Sustainable technologies are key to a low carbon future, at least here on earth, but what about in space? Obruta Space Solutions, a start-up from Ottawa, intends to bring sustainability to space by reducing the debris that accumulates from single-use spacecrafts used to refuel and maintain reusable satellites. The founders of the start-up have developed hardware and software that can reduce the complexities of servicing a spacecraft, as well as the need to launch a new spacecraft for refuelling or servicing satellites.
But, as most start-ups will experience, there are many difficulties in launching a technology into a real business. Although Obruta had a solution for approaching and docking with a satellite, they were unsure as to whether they were solely a hardware or software company, and how to bring their business to fruition.
Enter the CDL Space Stream, a program to support early-stage start-ups that are developing space-based technologies. Obruta Space Solutions came to CDL Space to help them solve this problem, what type of company were they? And what was their product?
We asked founders Kevin Stadnyk (CEO) and Kirk Hovell (CTO) how CDL Space helped them solve this problem, and to provide their advice to emerging startups in the space industry. Here’s what they said:
How did CDL Space help you determine your new business model?
We realized we had to pivot our business away from hardware towards software, which occurred around the time of CDL-Toronto’s first Session. We received advice from mentors on how to navigate such a pivot in our business model, as well as the things we should be focused on to execute that pivot. This advice really helped us land up where we are today, which was solidifying the pivot towards becoming primarily a software company. Once we made this pivot, customer interest and market traction, along with investor interest, contracts, and projects, all followed suit. Along with gaining pivotal advice, we also have had CDL Space mentors join us as advisors, providing us with ongoing support in this newfound direction.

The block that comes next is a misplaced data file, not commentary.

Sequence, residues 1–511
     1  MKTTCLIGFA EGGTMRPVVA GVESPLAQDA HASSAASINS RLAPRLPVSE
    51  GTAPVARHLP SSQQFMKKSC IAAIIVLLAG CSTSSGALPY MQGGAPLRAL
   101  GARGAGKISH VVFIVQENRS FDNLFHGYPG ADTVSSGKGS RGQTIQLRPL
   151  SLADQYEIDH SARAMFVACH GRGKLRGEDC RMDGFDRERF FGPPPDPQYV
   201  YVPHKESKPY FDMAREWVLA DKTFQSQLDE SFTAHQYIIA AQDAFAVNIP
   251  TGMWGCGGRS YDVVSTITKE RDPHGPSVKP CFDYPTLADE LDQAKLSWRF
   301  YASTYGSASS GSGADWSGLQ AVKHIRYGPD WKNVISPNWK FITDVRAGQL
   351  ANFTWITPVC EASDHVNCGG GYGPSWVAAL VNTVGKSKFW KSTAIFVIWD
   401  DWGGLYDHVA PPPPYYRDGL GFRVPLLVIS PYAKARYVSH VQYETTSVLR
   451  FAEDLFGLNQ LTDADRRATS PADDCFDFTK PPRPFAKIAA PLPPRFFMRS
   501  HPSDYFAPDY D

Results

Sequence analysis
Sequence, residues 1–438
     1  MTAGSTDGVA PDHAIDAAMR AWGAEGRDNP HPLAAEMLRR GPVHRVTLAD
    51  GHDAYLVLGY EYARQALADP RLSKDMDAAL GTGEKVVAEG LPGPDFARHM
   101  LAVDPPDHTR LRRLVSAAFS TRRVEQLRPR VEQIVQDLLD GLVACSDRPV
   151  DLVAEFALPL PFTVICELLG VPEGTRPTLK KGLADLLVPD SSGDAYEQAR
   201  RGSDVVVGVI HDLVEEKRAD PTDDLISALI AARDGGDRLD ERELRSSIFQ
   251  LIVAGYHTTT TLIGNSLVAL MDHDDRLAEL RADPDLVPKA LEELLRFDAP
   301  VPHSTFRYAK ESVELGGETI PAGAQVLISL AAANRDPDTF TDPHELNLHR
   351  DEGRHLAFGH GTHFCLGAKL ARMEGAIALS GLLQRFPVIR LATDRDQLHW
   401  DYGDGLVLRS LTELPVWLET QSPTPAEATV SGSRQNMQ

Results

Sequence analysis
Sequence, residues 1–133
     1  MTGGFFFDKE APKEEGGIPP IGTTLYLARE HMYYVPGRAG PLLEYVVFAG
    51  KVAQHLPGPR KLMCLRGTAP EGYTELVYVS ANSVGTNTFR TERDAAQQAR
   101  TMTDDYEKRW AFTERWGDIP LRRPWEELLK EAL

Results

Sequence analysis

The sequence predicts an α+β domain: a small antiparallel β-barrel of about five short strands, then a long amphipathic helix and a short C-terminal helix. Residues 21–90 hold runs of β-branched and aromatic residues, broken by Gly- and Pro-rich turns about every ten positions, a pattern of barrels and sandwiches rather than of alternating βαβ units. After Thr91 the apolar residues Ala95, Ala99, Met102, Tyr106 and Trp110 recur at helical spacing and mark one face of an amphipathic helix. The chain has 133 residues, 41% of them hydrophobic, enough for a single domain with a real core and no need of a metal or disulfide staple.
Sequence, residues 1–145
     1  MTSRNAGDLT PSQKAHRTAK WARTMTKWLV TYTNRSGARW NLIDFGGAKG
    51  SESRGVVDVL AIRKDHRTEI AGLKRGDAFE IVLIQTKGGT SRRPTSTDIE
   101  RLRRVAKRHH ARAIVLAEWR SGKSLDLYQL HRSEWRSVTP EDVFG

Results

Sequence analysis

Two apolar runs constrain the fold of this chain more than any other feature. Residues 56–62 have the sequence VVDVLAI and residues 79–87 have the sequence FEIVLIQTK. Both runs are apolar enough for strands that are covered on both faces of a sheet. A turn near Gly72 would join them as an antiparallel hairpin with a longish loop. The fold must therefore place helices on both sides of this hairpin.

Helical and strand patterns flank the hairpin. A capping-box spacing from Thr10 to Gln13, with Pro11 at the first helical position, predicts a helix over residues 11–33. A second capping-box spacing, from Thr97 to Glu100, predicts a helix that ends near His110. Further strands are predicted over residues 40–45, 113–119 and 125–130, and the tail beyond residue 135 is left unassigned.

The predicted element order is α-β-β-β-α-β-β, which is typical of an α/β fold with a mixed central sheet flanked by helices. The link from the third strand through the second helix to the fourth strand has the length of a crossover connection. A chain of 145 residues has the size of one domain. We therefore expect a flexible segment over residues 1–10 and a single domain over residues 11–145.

What is your advice to emerging startups within the space industry?
Our advice would be to keep at it. We’re going with the industry as it’s entering the Golden Age right now. We’re seeing the costs to enter the space industry drop dramatically so that almost anyone will have access to it in a few years’ time, even though there may still be some barriers now. But, If you start now, by the time you’re ready to be launching and reaching the market, those barriers to entry will have dropped even further. Many things that would be considered impossible right now, will be possible in 5 to 10 years down the line. We encourage startups to get on it now and stick to it.